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What two facets of Tom's personality are revelaed when breaks Myrtle's nose?The Great...

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charlissa18 | Student, Grade 11 | eNotes Newbie

Posted April 9, 2010 at 12:30 PM via web

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What two facets of Tom's personality are revelaed when breaks Myrtle's nose?

The Great Gatsby

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pohnpei397 | College Teacher | (Level 3) Distinguished Educator

Posted April 9, 2010 at 12:38 PM (Answer #1)

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I guess the first aspect of Tom Buchanan's personality that is revealed here (in my opinion) is his arrogance.  It seems that Tom thinks that he (and even his wife) are so much better than Myrtle Wilson that she should not even mention Daisy's name.  That seems really arrogant -- it's like Myrtle's good enough for him to have an affair with, but not good enough to even say his wife's name.

The other thing I think we see here is what a bully Tom is.  He is rich and he is strong physically.  Here, he uses both of these attributes to abuse someone who is neither rich nor strong.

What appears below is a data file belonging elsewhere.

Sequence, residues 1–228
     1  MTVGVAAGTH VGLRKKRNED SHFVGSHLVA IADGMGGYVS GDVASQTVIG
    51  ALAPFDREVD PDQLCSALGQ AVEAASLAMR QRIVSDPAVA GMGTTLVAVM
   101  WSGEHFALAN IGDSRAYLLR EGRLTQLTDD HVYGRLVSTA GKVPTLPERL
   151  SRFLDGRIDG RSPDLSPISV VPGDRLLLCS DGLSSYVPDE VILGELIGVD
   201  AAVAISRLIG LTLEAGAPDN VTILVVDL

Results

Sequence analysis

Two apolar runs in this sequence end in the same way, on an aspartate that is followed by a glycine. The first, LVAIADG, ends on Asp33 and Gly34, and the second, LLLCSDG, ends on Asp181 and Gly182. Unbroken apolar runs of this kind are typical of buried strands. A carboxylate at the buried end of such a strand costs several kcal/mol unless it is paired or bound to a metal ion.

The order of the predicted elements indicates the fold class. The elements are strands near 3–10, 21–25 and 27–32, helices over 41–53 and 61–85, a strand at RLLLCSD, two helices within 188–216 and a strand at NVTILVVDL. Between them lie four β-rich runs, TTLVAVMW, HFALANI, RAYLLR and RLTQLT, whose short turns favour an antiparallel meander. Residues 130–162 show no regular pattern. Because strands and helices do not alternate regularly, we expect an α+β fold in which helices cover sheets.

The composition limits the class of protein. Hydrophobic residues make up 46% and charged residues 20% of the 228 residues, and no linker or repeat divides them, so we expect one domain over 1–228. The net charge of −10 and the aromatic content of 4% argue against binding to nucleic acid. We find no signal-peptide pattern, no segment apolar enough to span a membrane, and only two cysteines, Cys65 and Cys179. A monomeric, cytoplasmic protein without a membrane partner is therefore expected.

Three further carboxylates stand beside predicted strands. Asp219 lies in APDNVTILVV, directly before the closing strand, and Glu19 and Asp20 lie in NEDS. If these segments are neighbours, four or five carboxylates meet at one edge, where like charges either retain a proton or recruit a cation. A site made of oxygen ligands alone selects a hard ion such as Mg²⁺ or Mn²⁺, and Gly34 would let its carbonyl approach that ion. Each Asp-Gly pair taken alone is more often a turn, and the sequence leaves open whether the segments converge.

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mwestwood | College Teacher | (Level 3) Distinguished Educator

Posted April 9, 2010 at 3:17 PM (Answer #2)

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In Chapter One of F. Scott Fitzgerald's The Great Gatsby, Nick describes Tom Buchanan's physical accomplishments and his extreme wealth.  But, both of these do not seem to be enough for Tom; Nick states that he feels that

Tom would drift on forever seeking a little wistfully for the dramatic turbulence of some irrecoverable football game.

Tom has a propensity for violence as evidenced in his swinging and hitting Mrytle in such a cruel and threatening way. He also has a double standard of behavior:  Whatever he and his family do is all right, but no one else can take aim at any one of his class.  This attitude is evidenced in his description of the "responsibility" of the white race:

It's up to us who are the dominant race to watch out or these other races will have control of things.

Tom wishes to remain in control in his personal life; to be dominant in every situation is his desire.

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Doug Stuva | High School Teacher | (Level 3) Senior Educator

Posted April 10, 2010 at 3:02 AM (Answer #3)

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When Tom hits Myrtle in The Great Gatsby, he is revealed to be ignorant, abusive, unenlightened, sexist, egotistical, selfish, and a bully.

He is a patriarch of patriachs, dominating his male world at a whim.  He sees women and those who are of a lesser social and economic class than he is as beneath him.  He lives in a world that just recently allowed women the vote, and he behaves accordingly.  He and his family (although he disrespects Daisy, also, when he is with her) are better than Myrtle and hers, and though he will have an affair with her, he will not tolerate her thinking she is an equal. 

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